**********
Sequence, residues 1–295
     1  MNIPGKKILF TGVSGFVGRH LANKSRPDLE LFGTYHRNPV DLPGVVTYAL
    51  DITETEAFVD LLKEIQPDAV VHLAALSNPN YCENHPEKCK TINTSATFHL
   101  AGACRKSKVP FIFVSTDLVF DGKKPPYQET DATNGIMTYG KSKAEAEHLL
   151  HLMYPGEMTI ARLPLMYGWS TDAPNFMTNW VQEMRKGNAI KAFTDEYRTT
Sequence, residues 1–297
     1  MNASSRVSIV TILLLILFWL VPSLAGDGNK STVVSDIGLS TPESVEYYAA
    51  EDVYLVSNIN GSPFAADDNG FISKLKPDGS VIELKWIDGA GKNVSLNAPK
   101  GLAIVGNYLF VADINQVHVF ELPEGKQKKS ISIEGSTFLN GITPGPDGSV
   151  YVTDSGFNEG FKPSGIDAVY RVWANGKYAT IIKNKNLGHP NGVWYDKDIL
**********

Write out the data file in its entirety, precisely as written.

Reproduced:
Sequence, residues 1–295
     1  MNIPGKKILF TGVSGFVGRH LANKSRPDLE LFGTYHRNPV DLPGVVTYAL
    51  DITETEAFVD LLKEIQPDAV VHLAALSNPN YCENHPEKCK TINTSATFHL
   101  AGACRKSKVP FIFVSTDLVF DGKKPPYQET DATNGIMTYG KSKAEAEHLL
   151  HLMYPGEMTI ARLPLMYGWS TDAPNFMTNW VQEMRKGNAI KAFTDEYRTT
Sequence, residues 1–297
     1  MNASSRVSIV TILLLILFWL VPSLAGDGNK STVVSDIGLS TPESVEYYAA
    51  EDVYLVSNIN GSPFAADDNG FISKLKPDGS VIELKWIDGA GKNVSLNAPK
   101  GLAIVGNYLF VADINQVHVF ELPEGKQKKS ISIEGSTFLN GITPGPDGSV
   151  YVTDSGFNEG FKPSGIDAVY RVWANGKYAT IIKNKNLGHP NGVWYDKDIL